4. Cough Sweets – The second of two episodes I wrote. This one about people wanting something badly to get rid of a cough and will settle for anything hoping that it will cure them but not asking if said item will do more harm than good. This is the case here with supposed cough sweet delivery actually being the arrival of cyanide capsules, but it is all too late as Murkum is more interested in people getting better than safely reading the ingredients label, even if someone else has. This episode also works on the opposite side of most episodes of the show as most of them involve Murkum getting hurt in someway, while this one takes the approach of his actions causing harm to somebody else. In addition I really do like the use of sound effects in this one and Tim’s voice as Mephnar Senior.

3. Headlong Dash – Another great piece of voice acting from Tim here pointing amount the most obvious of things. This episode actually does show some of Murkum’s military might but Murkum has forgotten to open the door. His speech is also a bit lacklustre but this could be a way of showing how un-intelligent he actually is. When he finally get’s in his car and crashes, it’s the additional voice who points out Murkum’s mistake, which in turn is what is so good about this episode.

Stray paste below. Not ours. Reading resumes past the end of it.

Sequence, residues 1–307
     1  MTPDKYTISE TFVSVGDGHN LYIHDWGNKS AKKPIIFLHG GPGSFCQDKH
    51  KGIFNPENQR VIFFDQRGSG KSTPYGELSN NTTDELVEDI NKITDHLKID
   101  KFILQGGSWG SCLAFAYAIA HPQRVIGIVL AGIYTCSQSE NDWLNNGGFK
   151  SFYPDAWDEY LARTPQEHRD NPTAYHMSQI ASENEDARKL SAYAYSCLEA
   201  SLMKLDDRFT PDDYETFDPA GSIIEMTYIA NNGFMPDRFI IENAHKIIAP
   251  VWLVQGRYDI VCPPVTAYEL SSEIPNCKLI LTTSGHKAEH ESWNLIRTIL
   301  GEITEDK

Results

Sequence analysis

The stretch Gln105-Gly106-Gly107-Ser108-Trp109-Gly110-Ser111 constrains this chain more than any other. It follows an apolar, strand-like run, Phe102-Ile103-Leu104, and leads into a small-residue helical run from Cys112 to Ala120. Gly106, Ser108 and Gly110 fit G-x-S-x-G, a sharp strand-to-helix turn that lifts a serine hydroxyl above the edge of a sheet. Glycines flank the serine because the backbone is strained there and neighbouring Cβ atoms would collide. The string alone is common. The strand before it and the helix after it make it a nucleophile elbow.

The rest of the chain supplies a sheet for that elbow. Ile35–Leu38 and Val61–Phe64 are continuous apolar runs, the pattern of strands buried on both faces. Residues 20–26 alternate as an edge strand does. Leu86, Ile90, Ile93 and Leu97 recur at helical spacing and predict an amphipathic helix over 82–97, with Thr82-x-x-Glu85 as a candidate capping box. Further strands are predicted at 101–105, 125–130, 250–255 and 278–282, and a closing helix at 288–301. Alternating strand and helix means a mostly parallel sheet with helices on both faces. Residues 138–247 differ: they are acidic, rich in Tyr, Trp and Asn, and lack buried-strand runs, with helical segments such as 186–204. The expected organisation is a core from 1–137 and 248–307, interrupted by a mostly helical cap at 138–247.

2. Shiny New Toy – Another one from me now. I like this one a lot (and not just because I wrote it) because instead of Murkum getting injured in some ridiculous way, here is just getting robbed/mugged. I also like the little jokes I made towards Apple and the iPad brand too by using the names Pomegranate and X-Brick as well as the reference to Angry Birds by saying Happy Pigeons. Murkum’s cluelessness as well to the format shows just how difficult such devices can be to people as well as people’s general ideas and names to such things/devices. Also one thing to point out is the idea as stated in Chris Martin‘s Book Unexpected Item in the Bagging Area: Driven Crazy by the Modern World? that people don’t really know what the point of an iPad is, with Murkum stating that it might “help”.

1. Boss Machine – This one I think is the absolute funniest of the bunch. Murkum has a machine that he thinks will help him brainwash people into doing what he says, however it is not quite ready yet and Murkum constantly asks the same person over and over again to do things for him bordering on the ridiculousness including trying to steal all of the man’s money to making him  sing while setting his trousers on fire. This eventually accumulates to the point that the thing that Murkum asks for finally is the one thing the man has been wanting to do to Murkum all along, that is to punch him in the face. From the moment that he demands money, this becomes such a funny episode and does not stop until the very end, and that is why it is my favourite (of series 1).

GENEPOOL





Payday: The Heist

30 07 2014

Payday Logo